--without-local-prefix Does Not Work

Ralf Corsepius corsepiu@faw.uni-ulm.de
Thu Sep 10 18:18:00 GMT 1998


Jeffrey A Law wrote:

> You can do four things with local_prefix:
>
>   a. --with-local-prefix=yes  which generates an error.
>
>   b. --with-local-prefix=no   which gives you the default value.
>
>   c. --with-local-prefix=somepath which will set local_prefix to
>      whatever path you select.
>
>   d. Do nothing and you end up with the default value.  Effectively
>   the same as "b" above.
>
> Specifying "no" does not disable the use of local_prefix, nor should
> it.  The fact that it did so in earlier snapshots/releases was a bug.
>

Why? Could you please be a bit more specific?

>
>
>
> One could argue that =no should give an error.  I don't remember the
> rationale behind not generating an error for that.
>

So the default is to silently set it to /usr/local, isn't it?

This produces trouble for me in two cases:

1. Our  amd-based network, machines don't have /usr/local (intentionally removed
by the sysadmin). With egcs silently adding /usr/local/include to the include
path, each invocation of gcc and friends contacts amd to resolve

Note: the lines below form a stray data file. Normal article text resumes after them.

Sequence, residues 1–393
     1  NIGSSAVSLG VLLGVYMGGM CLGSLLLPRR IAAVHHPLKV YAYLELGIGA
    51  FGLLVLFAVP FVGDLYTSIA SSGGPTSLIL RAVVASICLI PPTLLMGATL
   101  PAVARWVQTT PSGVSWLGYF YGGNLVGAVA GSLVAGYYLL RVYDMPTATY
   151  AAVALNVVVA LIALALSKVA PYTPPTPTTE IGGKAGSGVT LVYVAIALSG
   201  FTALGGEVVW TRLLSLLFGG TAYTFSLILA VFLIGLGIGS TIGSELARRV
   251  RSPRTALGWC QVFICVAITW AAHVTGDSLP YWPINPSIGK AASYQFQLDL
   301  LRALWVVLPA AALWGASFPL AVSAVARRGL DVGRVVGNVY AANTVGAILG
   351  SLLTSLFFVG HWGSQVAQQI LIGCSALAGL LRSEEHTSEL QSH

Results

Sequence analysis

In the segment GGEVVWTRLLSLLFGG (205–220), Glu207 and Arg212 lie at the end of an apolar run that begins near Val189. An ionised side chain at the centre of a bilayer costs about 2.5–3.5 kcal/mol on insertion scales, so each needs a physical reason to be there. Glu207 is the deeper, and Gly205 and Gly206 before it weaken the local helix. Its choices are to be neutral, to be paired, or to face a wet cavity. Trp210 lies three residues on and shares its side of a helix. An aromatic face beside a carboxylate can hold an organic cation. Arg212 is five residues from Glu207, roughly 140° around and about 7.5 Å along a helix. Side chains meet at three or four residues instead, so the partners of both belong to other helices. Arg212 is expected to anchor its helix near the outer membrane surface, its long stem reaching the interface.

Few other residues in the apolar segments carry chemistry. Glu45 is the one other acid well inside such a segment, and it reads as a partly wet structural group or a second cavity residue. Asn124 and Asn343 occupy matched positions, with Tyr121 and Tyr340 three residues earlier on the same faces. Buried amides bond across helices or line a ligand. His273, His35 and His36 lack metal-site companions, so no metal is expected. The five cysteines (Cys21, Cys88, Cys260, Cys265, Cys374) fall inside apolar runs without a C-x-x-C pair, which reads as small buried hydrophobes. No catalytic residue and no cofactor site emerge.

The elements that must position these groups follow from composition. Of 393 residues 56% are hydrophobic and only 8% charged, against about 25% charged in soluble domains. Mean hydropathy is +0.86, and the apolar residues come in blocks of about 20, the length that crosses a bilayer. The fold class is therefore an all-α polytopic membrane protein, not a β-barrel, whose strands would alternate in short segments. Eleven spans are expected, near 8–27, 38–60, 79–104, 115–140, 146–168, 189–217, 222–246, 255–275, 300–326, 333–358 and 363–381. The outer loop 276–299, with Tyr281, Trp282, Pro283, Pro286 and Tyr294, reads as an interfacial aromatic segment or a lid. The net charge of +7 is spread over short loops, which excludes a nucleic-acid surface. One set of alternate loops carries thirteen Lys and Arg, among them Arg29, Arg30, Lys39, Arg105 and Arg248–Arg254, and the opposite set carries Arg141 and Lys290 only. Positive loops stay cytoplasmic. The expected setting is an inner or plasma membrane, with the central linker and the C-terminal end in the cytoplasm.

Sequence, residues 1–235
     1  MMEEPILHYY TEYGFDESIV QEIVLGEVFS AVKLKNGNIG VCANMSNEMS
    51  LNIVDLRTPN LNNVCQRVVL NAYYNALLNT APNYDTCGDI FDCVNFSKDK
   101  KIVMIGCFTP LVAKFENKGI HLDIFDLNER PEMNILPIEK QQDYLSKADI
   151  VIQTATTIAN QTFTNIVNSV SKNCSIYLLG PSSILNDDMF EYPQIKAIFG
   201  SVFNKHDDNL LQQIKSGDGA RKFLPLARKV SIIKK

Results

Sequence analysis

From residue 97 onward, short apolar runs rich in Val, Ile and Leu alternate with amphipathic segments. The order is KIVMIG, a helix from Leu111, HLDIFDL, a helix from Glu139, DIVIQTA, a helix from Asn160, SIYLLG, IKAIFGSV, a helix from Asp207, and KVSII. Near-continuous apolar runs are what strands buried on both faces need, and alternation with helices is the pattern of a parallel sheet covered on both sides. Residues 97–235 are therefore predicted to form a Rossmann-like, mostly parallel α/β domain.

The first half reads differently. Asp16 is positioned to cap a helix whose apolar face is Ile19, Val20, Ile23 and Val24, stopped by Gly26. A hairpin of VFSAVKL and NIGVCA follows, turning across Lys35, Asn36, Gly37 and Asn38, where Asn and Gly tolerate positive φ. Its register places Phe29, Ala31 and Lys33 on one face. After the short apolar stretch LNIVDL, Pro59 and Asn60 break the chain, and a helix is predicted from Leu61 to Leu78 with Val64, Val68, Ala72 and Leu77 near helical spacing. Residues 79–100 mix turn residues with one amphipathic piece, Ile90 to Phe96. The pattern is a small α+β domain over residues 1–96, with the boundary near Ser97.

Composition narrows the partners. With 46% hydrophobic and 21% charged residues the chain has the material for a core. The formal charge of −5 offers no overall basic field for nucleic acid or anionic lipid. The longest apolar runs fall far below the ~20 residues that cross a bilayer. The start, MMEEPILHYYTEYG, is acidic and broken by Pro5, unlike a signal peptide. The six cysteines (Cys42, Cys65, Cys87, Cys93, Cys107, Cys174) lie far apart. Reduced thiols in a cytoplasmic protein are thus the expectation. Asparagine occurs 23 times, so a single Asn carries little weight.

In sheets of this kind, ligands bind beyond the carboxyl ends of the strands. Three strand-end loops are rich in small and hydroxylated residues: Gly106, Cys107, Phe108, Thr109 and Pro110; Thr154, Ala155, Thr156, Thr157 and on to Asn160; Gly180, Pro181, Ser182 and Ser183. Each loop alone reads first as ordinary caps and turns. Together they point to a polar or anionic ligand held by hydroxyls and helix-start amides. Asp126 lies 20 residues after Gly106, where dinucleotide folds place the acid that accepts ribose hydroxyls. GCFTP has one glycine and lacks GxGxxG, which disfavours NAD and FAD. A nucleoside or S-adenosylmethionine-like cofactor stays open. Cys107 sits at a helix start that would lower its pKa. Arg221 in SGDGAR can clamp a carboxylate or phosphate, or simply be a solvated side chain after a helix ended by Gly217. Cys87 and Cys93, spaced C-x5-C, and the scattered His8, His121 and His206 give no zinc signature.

/usr/local/include. - A secure way to produce heavy traffic on a network.

2. On one linux/libc1 box, I have glibc2 as secondary libc and a glibc2-based egcs
installed under an arbitrary path. Now this glibc2 based egcs contains
/usr/local/include/ in its include path, which contains include files of glibc1
libraries, not being installed for glibc2.

One alternative I see to circumvent these problems is to manually redirect
local_prefix to an arbitrary directory ($prefix/local/include or $prefix/include,
but who knows which kind of trouble will result from this).

Perhaps I didn't read the docs carefully enough, but I think there should be way
to disable it.

Additional question: What is the default for local_prefix or how is it treated for
cross-compilers? AFAIS, it gets disabled. I.e. disabling local_prefix seems to be
legal for cross-compilers.


Ralf






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